Court Rejects Ukrainian Call for Russia to Halt Rebel BackingBy and
International court says financing terrorism claim not proved
Russia ordered not to restrict rights of Tatars in Crimea
The International Court of Justice rejected a Ukrainian request for an order labeling Russia a sponsor of terrorism for its support of separatists in eastern Ukraine.
While many civilians have been killed or injured in the conflict, Ukraine hasn’t presented “evidence which affords a sufficient basis to find it plausible” that Russia is financing terrorism in rebel-held areas with “intention and knowledge,” the court in The Hague said in a ruling published Wednesday.
The court granted Ukraine’s request for a provisional order requiring Russia not to discriminate against Crimea’s ethnic Tatar community, saying there was an “imminent risk” of “irreparable prejudice” to their rights since the 2014 Russian annexation of the Black Sea peninsula. Russia must “refrain from maintaining or imposing limitations on the ability of the Crimean Tatar community to conserve its representative institutions,” and make education available in the Ukrainian language in Crimea, the court said.
The court’s rulings are binding on states, though it has no power to enforce them. Ukraine lodged the case in January, accusing Russia of breaching international conventions against financing terrorism and racial discrimination. It sought an order for Russia to “stop the supply of weapons” across its border and “stop supporting illegal armed groups.”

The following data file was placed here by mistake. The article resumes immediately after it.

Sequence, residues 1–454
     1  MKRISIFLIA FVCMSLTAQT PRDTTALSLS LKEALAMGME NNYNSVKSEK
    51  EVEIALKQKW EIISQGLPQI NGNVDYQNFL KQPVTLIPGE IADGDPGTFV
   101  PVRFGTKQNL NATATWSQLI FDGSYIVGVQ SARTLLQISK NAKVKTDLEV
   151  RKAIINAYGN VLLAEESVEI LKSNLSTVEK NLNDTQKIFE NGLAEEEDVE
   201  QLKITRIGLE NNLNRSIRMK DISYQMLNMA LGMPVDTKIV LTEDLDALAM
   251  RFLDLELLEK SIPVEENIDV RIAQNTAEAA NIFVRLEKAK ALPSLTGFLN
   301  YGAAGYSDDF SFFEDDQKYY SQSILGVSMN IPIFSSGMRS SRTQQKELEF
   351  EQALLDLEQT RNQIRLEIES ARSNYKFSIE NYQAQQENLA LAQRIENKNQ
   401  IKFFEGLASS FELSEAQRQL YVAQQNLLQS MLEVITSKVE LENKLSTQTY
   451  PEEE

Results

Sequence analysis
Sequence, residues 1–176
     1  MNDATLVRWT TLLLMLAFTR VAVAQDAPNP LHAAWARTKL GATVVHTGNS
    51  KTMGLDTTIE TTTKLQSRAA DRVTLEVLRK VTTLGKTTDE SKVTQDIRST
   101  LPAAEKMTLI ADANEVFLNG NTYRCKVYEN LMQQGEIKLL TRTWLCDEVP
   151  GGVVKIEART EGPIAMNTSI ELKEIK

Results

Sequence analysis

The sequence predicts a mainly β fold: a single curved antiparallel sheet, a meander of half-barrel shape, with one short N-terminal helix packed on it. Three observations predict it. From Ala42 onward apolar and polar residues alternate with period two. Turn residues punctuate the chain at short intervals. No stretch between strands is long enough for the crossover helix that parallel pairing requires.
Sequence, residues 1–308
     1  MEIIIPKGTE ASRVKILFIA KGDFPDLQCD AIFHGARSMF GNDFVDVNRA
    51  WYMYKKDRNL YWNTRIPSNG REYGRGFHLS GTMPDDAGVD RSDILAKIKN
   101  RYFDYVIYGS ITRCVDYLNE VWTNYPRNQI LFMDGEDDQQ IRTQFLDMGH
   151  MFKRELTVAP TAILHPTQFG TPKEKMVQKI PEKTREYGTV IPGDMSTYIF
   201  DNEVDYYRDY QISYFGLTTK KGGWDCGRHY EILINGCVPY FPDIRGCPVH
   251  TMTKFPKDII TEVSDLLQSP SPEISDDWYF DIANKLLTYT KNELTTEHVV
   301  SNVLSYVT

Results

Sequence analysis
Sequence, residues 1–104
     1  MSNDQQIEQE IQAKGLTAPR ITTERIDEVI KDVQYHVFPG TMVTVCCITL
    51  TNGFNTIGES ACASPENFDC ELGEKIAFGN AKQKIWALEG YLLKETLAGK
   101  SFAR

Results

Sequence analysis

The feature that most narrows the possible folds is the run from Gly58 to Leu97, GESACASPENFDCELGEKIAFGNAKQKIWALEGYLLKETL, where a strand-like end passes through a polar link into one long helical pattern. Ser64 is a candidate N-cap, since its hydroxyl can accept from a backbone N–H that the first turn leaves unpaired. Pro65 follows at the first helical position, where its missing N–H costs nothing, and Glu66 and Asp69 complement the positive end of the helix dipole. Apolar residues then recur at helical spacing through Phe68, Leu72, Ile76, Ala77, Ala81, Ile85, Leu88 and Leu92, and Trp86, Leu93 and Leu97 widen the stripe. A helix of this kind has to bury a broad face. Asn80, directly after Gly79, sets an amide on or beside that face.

Russia denies sending troops and weapons to support rebels fighting in eastern Ukraine, and argues that Crimea voted to join Russia in a referendum. That vote wasn’t internationally recognized, and the U.S. and the European Union imposed sanctions in response to the annexation.
The jurisdiction of the court has been recognized in both lawsuits and “we hope for a successful hearing of these cases,” Ukrainian President Petro Poroshenko said during a visit to London, according to a statement on the presidential website.
Ukraine had also called on the court to declare Russia responsible for the 2014 shooting down of Malaysian Airlines Flight MH17 over eastern Ukraine, in which 298 people died. The court didn’t comment on the MH17 case in its ruling.
The court’s decision is “positive” and Ukraine has “good prospects” to “prove our position” at future hearings on the merits of the case, including Russia’s responsibility for downing flight MH17, Ukrainian Deputy Foreign Minister Olena Zerkal said in televised remarks to reporters after the hearing.
A peace agreement negotiated by Ukraine, Russia, Germany and France in February 2015 in Minsk, Belarus, has stalled as fighting continues in the eastern Ukrainian regions of Donetsk and Luhansk. The court ordered Ukraine and Russia to “work for the full implementation” of the Minsk accord to achieve a “peaceful settlement of the conflict.”